Condition encompasses several levels: from broken or replaced components to wear. Damage generally occurs to all objects. While repairs can expose an altered or later example, the more primary consideration when viewing the later chair is its overall surface wear. If only the newer chair were available to observe, a connoisseur would recognize that it has acquired fewer layers of wear over the years. The reproduction’s pommels, arms, and finial surfaces, for example, are too crisp and unblemished to represent nearly three hundred years of use. Another issue to consider is whether the wear seems appropriate to its location. Forgers, for instance, typically over-wear certain areas, such as stretchers, or distress areas that would not receive wear.

The appearance of an object—its lines, form, and proportions—is critical in assessing authenticity. By spending time studying period examples, one can recognize what is appropriate for a period object and what is not. Often, pieces made later, either as reproductions or fakes, have an indication of later manufacture. Henry Meyer exposed himself as the creator of a reproduction when he took liberties with the design of the footrest and front stretcher of the newer chair. Since both were replaced on the original high chair, Meyer had no direct source to copy. Rather than study period design, he based his interpretations on modern aesthetics. When he should have turned the front stretcher to match the side stretchers, he based it on the back instead. Though surviving footrests on period American high chairs are generally simple in design, Meyer created a lobed footrest that has no direct visual complement on the chair, and as a result, looks out of place.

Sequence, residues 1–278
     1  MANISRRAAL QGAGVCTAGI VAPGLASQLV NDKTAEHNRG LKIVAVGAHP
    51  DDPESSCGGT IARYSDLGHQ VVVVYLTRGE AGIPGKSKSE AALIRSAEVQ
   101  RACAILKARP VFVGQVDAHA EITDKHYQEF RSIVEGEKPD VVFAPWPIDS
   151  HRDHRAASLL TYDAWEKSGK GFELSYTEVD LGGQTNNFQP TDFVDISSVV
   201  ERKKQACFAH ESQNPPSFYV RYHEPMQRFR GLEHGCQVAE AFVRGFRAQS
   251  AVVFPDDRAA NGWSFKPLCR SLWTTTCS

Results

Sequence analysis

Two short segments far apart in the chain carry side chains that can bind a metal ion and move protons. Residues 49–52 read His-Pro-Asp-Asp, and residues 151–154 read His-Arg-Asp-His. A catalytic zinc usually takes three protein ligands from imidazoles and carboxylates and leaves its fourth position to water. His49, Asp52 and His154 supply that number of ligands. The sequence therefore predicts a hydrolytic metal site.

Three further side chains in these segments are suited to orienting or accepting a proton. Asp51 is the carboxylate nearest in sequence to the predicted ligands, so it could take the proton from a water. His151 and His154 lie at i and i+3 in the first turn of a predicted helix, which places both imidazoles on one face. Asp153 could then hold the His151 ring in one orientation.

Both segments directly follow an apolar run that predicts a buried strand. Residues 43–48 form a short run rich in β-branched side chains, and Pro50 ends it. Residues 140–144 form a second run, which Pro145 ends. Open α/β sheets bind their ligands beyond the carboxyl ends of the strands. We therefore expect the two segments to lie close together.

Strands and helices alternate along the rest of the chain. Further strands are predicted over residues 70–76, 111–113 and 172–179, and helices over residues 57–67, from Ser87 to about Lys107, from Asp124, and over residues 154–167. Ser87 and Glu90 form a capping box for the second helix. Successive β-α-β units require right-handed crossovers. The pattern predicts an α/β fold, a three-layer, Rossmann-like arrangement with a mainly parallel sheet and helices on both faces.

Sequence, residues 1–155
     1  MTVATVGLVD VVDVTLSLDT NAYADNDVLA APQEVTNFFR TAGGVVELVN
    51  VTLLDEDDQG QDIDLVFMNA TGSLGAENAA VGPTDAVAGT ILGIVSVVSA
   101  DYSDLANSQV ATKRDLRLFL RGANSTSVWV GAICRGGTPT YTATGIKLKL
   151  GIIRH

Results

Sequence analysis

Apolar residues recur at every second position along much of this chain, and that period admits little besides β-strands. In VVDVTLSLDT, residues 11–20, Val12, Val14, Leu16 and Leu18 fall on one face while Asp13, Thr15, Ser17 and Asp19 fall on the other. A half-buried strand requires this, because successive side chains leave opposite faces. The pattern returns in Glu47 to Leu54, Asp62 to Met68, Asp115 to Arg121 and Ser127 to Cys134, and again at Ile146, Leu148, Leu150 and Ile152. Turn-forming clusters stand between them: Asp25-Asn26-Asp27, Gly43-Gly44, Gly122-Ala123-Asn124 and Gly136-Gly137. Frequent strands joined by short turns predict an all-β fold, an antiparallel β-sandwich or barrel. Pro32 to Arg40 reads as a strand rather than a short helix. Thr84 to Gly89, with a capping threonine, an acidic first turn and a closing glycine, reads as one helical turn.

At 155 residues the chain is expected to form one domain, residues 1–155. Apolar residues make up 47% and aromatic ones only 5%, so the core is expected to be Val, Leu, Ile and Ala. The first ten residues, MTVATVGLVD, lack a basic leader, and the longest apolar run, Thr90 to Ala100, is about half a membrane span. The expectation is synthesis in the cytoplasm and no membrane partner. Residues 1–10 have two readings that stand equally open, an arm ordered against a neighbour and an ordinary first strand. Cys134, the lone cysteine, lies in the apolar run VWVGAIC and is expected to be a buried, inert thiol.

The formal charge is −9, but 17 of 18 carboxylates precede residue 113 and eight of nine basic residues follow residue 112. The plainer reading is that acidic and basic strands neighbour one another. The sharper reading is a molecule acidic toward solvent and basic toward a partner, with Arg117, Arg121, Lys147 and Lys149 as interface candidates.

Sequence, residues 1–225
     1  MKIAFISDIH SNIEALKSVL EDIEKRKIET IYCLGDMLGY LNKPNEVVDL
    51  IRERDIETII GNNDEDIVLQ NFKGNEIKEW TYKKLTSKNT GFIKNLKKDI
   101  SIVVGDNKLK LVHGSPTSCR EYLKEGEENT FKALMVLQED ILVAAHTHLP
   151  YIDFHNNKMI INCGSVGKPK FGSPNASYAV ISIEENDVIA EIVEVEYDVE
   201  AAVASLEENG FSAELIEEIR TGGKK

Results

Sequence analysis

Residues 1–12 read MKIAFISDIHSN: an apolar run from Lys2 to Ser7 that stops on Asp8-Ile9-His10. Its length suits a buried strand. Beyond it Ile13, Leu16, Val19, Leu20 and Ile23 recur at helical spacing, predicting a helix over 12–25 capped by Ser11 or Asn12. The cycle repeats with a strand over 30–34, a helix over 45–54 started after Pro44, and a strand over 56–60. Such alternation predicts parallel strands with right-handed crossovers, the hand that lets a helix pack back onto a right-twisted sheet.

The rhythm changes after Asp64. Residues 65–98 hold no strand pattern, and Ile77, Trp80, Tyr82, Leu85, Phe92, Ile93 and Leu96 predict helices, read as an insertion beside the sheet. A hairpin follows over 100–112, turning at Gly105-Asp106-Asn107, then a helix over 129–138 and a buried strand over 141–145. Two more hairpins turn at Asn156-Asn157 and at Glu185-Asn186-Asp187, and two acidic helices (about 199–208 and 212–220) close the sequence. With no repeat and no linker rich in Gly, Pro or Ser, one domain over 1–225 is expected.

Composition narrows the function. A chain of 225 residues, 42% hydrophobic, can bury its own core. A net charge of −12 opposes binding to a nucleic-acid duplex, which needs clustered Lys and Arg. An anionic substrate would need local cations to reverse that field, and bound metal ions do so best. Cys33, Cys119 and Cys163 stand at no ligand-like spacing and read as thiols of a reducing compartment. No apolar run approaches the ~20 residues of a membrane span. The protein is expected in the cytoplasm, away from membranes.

Meyer’s skills were not used to deceive; they were solicited by a client who wanted a record of a family heirloom. Such circumstances were probably not unusual, particularly during the Colonial Revival period of the late nineteenth and early twentieth century, an era of heightened sensitivity to the colonial past and the time when this reproduction was made. Never altered or sold as an eighteenth-century antique, the newer high chair is, however, representative of a type of furniture that dealers, collectors, and furniture historians will increasingly find in the marketplace. As these turn-of-the-century reproductions, particularly when made using early construction methods, acquire greater amounts of “natural” wear, it will become even more important to hone connoisseurship skills and work with reputable specialists.

Erik Gronning is a dealer, appraiser, and independent scholar. He most recently contributed the article “Early New York Turned Chairs: A Stoelendraaier’s Conceit” to the 2001 issue of Chipstone’s American Furniture.

1 Roderic Blackburn, Cherry Hill: The History and Collections of a Van Rensselaer Family (Albany, NY: Historic Cherry Hill, 1976); New York State Library Box 123, folder 6, 28 September 1904; Historic Cherry Hill Collections, 1 November 1904.

2 Historic Cherry Hill Collections, 1 November 1904; Albany Directory, 1904.

3 Correspondence with Lori Fisher, 27 January 2000; correspondence with Erin Crissman, 16 October 2001; transcript of John Davis Hatch interview, 25 June 1986; letter to Edward Frisbee from John Hatch, 17 November 1965; letter to John Hatch from Edward Frisbee, 27 December 1965; receipt regarding the high chair’s return, 22 November 1974.

4 For a full discussion of early New York turned chairs see Erik Gronning, “Early New York Turned Chairs: A Stoelendraaier’s Conceit” in American Furniture (Hanover, NH: University Press of New England, 2001), 88–119. For additional information on eighteenth-century center bits see Benno Forman, American Seating Furniture: 1630–1730 (New York, NY: Alfred A. Knopf, 1982), 254–63.